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09 December 2012

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These tax rates serve only to drive people to rely on the "unoffical" economy.

You don't pay tax on purchases at Waigani market, or paying a man to do the gardening, or buying a few marvellous carvings from a street seller.

Seriously, the PNG government needs to rethink its whole tax regime. The vast majority of the population just dive under the radar.

In Papua New Guinea:

Income Tax rate - 42%

Corporate Tax rate - 30% (unless you get a tax-free holiday as an investment incentive. Check what tax RamuNico pays)

Sales Tax/GST rate - 10%

There are a couple of other things to consider here too.

Firstly, as far as I know, no one ever gets a tax refund in PNG. So if your boss asks you to provide something to help in your work tell him/her that it isn't your responsibility.

The second thing to consider is that many employers in PNG take tax out of their employees' wages but fail to deliver it to the government.

I've come across this practise in all sorts of places. Not least are the overseas companies which are supposed to pay witholding tax (around 12%) but fail to deliver.

There are tax tables published by the government. Get hold of a copy and check your rate Joe. You might be surprised.

Over the past six years, since I've been in contact with my old Keravat NHS ex-students, who now help to run PNG, I've often been told by them of the bad things that have been happening.

They tell me about all the corruption in a fatalistic way, as though they had no power to do anything about it! They even joke about it! Sad joke!

That's why I have been pushing for the country to get an Independent Commission Against Corruption. I'm heartened to hear that O'Neill agrees with me.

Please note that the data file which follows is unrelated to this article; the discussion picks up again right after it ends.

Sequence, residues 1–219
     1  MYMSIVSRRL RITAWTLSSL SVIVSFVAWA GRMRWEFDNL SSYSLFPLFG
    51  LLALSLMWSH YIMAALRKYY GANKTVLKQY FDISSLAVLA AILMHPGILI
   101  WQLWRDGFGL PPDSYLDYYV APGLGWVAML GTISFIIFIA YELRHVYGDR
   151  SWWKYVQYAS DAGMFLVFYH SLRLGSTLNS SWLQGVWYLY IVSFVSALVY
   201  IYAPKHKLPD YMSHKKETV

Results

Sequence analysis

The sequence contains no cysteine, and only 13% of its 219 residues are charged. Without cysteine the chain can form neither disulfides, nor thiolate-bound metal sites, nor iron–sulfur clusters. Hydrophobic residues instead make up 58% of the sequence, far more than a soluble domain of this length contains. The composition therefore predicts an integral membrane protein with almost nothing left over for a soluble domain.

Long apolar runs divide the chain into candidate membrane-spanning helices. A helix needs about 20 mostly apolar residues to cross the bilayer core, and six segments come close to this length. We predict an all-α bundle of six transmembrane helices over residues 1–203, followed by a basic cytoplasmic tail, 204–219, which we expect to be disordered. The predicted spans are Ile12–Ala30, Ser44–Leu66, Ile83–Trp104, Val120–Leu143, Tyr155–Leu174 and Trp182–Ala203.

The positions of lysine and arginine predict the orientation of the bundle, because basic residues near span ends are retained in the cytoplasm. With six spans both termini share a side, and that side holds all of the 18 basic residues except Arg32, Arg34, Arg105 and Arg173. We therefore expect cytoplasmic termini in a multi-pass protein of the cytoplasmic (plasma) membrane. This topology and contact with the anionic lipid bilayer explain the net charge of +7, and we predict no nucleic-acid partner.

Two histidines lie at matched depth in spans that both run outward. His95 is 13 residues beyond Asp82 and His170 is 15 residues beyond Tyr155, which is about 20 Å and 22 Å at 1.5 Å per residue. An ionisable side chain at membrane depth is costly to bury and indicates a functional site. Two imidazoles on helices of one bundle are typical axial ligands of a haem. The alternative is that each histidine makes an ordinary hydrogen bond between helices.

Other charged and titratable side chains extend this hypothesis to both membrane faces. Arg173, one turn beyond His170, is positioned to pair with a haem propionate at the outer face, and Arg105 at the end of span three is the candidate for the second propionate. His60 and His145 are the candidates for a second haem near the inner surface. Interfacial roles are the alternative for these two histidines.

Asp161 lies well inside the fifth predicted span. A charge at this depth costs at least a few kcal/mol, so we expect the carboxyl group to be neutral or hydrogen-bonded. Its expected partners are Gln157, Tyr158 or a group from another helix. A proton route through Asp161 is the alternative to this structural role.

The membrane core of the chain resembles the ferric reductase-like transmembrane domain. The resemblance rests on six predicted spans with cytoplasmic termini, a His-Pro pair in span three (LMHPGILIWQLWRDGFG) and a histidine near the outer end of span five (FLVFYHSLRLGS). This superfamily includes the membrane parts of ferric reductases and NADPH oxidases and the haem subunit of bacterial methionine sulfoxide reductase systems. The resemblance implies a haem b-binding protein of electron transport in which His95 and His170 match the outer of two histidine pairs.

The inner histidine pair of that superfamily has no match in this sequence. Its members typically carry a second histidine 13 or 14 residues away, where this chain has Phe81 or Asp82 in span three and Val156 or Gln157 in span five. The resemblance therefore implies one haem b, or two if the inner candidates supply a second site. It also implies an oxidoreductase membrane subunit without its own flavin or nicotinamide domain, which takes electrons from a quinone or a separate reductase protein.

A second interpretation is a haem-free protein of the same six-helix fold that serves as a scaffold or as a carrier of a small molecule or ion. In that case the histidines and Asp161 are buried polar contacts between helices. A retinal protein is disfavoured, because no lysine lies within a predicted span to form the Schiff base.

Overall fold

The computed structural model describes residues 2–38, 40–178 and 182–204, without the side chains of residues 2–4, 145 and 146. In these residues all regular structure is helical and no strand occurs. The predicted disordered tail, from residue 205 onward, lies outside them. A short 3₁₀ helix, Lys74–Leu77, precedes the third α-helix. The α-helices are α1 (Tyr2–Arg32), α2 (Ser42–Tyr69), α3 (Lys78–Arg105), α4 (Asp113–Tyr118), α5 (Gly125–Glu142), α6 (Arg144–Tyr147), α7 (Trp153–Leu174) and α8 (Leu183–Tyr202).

You need to set up an organisation that you can speak to when you see corruption has taken place. You need to feel safe talking to these people. They need to be well-trained lawyers who know what their job involves.

Of couse, anyone with a bit of wisdom can do the detective work to expose the corruption.

Down in Australia it is often a reporter in one of the newspapers who does it. I think in a court case they are supposed to be allowed to keep secret their informants if their informants fear for their lives if they are exposed.

I've written before about having the courage to expose corruption with the threat of death hanging over you.

It is not an easy thing to do. But until people start to do it, the corruption will continue.

In Sydney, at the moment, the ICAC is hearing an inquiry into a lot of corruption that took place in NSW in the past few years that involved a number of men in parliament and their off-siders.

We hear daily of the way these men grew rich on coal leases etc on the advice from members of the NSW Parliament.

No doubt something like this has been occurring in PNG.

I read somewhere that some body in PNG is making Eremas Wartoto stand trial for alleged corruption. But there doesn't seem to be much mention of his mates in the government at that time.

If you are being forced to pay 50% of your pay in tax in your first year of work, that sounds very high compared to Australia.

I feel sorry for you but I am not in the situation of knowing enough about your government budget to make a worthwhile comment.

I'll leave that up to the PNG economists of today.

Maybe one of the professors of economics might like to write about this topic for PNG Attitude. They know who I mean! I hope they read this blog!

I've thought that there should be a tax model to suit the PNG culture to provide a more equitable outcome for the country. Don't know what it might be: perhaps our readers might suggest one.

Phil, I think, on a kindred post referred to the need to reduce the divide between the haves and have-nots. The cost of not doing so would be to foster simmering resentment and strife. (as if it is not already present, eh?)

I once read that when a nation's personal tax rate exceeded 25% effective bankruptcy followed.

Obviously, PNG must be kept afloat by current and anticipated extractive industry windfalls or how else has she escaped ruin. Continued borrowings are already or will in future increase the debt load on PNG taxpayers whose ever increasing remittances act to shore up a failing economy.